I’m not sure your blog’s server is big enough for this list. More seriously, switching from a newspaper reporter as protagonist to, in essence, an amateur—the son of the victim though one who may soon be the next victim—required I work a lot harder on motivation for his actions. Keeping him believably in the game when it’s not his job as it would be with a reporter—and with the NYPD and FBI involved with far more capability to solve a crime—required thinking, planning, writing and rewriting. Grigg knows a lot less than he should to take on the case and so I had to find ways to give him assistance that made sense in the story.
Another challenge was the novel’s timing. It takes place in the six weeks before the 2016 election. I have a subplot about that, and my characters can’t help but notice news of what’s going on in one of the wildest presidential campaigns in history. The key for me was to make this work in the story without it seeming a political thriller. The Bone Records is a hard-boiled mystery that takes place in that place and time.
- Do you have any words of wisdom to share with others who might be thinking about wading into the deep end of the literary pool?
Writers write. Don’t say, “I have an idea for a story.” Sit down and write. As much time as you can afford as many days as you can afford. Writers revise. Some of what I consider the best decisions I’ve made in my books came during revision. They call it a first draft for a reason. Writers read. Read in the genre you’re writing in and read outside it. Read read read.
- Is there anything you did early on in your novel writing career that, now armed with hindsight, you would have done differently?
As I mentioned above, had I been thinking more about what’s true, rather than creating an accurate depiction of the journalism business, I might have gotten going further faster with a first novel that worked. Because after that, I lost years in workshops trying to become a literary novelist—which I am not. About 120,000 words worth of false starts until Last Words, the first Coleridge Taylor book, came along.
- Which authors would you credit with having had the greatest influence on your writing?
Michael Connelly (for everything), Derek Raymond (for really bringing the black to noir) and Tony Hillerman (for making setting a character in each of his books in a way that is intrinsic to the mood).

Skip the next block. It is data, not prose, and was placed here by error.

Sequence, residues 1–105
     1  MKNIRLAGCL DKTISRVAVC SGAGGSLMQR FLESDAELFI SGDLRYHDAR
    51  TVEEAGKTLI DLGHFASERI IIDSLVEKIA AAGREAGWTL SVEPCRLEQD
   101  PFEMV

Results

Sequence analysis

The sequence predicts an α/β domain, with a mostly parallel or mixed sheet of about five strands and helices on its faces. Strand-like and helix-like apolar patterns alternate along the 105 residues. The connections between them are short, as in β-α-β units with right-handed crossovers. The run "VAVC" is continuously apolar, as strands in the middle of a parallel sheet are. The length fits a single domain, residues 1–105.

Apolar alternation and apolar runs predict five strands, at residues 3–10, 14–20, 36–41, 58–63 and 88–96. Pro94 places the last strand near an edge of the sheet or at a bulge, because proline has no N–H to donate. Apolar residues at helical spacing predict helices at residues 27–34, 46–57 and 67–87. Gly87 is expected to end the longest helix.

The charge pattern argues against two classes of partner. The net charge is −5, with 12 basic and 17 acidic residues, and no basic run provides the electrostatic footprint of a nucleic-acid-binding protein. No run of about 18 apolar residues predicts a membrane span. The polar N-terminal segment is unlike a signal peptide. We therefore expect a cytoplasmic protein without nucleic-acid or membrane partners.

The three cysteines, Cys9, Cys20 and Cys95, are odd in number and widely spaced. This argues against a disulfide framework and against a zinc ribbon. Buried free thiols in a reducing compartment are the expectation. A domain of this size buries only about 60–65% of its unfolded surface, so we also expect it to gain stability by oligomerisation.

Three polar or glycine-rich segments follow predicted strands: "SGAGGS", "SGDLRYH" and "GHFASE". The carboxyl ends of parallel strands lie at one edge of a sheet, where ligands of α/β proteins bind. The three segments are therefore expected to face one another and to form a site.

- I’ve read many different mystery/thriller series over the years and, for me, keeping the characters fresh and interesting over the long haul seems to be a major consideration in maintaining readership. What’s your secret?
I think the main characters need to change in ways that fit with who they are, and more importantly, by learning from life’s experiences. If a character is going to change her mind or attitude about something, you need to either build up to that by planting little things earlier in the story or have a believable life shock cause an emotional reaction and a cognitive rethink. I’ve changed life experiences in my series—Taylor’s newspaper goes out of business in book two—used some romance, which can have ups and downs, though at least in that series, I kept him with the same person from book two on. For me, anyone aside from the hero can die—except the dog, readers won’t forgive you—and that brings change, which I hope keeps it interesting.
- You’ve had success as a novelist, a reporter, and an editor. Is there one career that has brought you the most joy? Or do you find them equally gratifying?
Definitely novelist. Don’t get me wrong. I love getting scoops and still do when the Pelham Examiner wins them, but at my core I am a teller of stories who just took some time to get here.
- What can readers expect to see next? Are you working on any other projects? Is there a movie in the works?
I’ve started a new novel called Ghost Paper. I wanted to write a story that dealt with the 2,500 newspapers that have gone under since 2004 in America. I’m telling that story through the murder of one newspaper. It’s also a conventional murder mystery, of course. People die too.
Rich, thank you so much for taking the time to share your insights with our readers. Best of luck with your new book, The Bone Records!
Rich Zahradnik is a member of Mystery Writers of America and International Thriller Writers.
To learn more about Rich, visit his web site at http://www.richzahradnik.com.
Rich Zahradnik was interviewed for Murder Books by Bruce Robert Coffin.